Asda shows small decline in third-quarter results, but online business is strong

TDR Capital takes ownership control of Asda after Issa brother sells stake

Produce Business report

Private equity firm TDR Capital LLP has taken control of supermarket chain Asda after Zuber Issa split with brother and co-owner Moshin Issa and sold off his stake in the company.

TDR Capital now owns 67.5% of Asda, while Moshin has 22.5% and Walmart the other 10%. The deal is expected to be finalized in the third quarter of this year.

Asda is seeking a permanent chief executive to help usher in and shepherd the new era under TDR. The company recently completed a refinance of more than  £3.2bn of its debt and had its corporate rating from Moody’s upgraded from B1 to B2. Fitch Ratings also upgraded its status from stable to positive.

Asda’s net debt is still at £3.8bn, and officials say they are “committed to further deleveraging.” However, the spin was all positive from the new top stakeholder.

“By combining our investment and sector expertise with Asda’s heritage of delivering value for customers, we have already made significant progress in transforming Asda,” Gary Lindsay and Tom Mitchell, Managing Partners of TDR Capital, said. “As majority owners, we will continue to work closely with the Asda management team and colleagues across the business to support the ambitious strategy, which we believe is the right one to continue to move Asda forward.”

That strategy includes a lean in further to digital and convenience.

“We have added a scale convenience business, grown Asda’s store footprint from 623 to 1,200 stores and food-to-go sites, and launched a hugely successful loyalty app, which now has six million active customers, accounting for around half of total sales. We remain focused on investing in Asda’s stores and online, as well as its colleagues through the highest pay in the traditional supermarket sector, to drive sustainable, long-term growth.”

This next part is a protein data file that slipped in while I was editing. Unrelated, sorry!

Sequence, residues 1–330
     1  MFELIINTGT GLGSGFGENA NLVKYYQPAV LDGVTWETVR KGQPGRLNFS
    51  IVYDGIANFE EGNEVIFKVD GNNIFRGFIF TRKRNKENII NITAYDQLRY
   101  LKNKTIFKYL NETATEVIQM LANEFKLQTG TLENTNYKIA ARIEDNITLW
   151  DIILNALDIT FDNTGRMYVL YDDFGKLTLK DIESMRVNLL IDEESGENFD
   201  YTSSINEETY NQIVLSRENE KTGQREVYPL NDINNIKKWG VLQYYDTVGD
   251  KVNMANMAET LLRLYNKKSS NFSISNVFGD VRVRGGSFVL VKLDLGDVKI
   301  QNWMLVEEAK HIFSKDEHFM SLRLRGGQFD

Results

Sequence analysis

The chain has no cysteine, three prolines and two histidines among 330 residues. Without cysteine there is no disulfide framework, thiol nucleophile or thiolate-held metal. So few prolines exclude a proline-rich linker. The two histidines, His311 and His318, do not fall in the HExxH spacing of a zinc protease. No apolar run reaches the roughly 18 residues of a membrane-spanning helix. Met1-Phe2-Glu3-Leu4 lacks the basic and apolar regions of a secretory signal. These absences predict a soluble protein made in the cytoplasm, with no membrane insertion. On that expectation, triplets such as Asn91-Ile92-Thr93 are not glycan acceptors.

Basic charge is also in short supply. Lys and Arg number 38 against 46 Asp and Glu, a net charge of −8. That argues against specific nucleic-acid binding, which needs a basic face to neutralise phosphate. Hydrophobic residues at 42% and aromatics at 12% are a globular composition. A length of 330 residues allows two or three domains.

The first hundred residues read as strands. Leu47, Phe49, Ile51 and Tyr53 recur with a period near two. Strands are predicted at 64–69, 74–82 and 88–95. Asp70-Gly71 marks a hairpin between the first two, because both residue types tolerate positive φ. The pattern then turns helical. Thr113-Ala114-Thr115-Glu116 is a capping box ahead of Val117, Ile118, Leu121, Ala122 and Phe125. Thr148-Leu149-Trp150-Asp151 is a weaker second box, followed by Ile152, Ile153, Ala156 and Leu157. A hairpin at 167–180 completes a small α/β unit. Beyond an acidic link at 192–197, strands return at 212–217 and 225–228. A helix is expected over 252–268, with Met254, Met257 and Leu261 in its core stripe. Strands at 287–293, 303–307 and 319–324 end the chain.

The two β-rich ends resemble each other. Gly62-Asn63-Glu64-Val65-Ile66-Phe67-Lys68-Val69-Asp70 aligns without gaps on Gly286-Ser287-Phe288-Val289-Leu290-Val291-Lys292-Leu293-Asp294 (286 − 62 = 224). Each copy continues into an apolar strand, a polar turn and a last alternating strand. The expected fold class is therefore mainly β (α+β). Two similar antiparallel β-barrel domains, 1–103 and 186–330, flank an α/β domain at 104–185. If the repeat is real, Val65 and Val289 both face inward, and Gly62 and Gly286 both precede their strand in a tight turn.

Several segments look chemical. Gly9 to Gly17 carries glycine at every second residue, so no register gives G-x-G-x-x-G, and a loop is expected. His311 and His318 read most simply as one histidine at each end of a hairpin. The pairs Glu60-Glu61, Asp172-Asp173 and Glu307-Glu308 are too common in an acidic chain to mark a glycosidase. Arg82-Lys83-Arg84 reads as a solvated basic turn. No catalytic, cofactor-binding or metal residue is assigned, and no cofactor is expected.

Mohsin Issa downplayed the impact of the shift in control and focussed on the future.  

“As a shareholder group, we are excited about the growth journey we are on,” he said. “Asda is an iconic British brand and we are committed to setting it up for long-term success and delivering great value for customers across the UK. To that end, I am incredibly proud of the investments we have already made in transforming the Asda business, including the launch of the new Asda Express convenience format, the Asda Rewards customer loyalty scheme and the £800m investment in a best in class IT infrastructure to bring new data and insight capabilities.”

He also addressed his brother’s split from the company.

“I also want to add my personal support and best wishes for Zuber’s plans as we continue our successful family partnership, working as partners on our personal co-investments, family office philanthropy and Issa Foundation projects.”

Zuber Issa talked about why he is stepping away from the business.

“Since Mohsin and I, alongside TDR, took ownership of Asda, we have driven a period of significant investment and entrepreneurial growth activity,” he said. “With the divestment of my Asda shares, I will now turn my attention towards leading and managing the remaining EG UK forecourt sites that I have personally acquired, and spend more time on my charitable endeavours.”

Part of that future for Asda is continuing to grow its EG UK and Co-op sites on petrol fuel stations, where it has invested a staggering £3.5bn. Among the initiatives within that strategy are a £150m investment in retail pay and some 116 convenience outlets it acquired from Co-op.

Asda’s full-year results from 2023 included a 24% increase in adjusted EBITDA after rent to £1.078bn. Total sales increased by 7.1% to £21.9bn.



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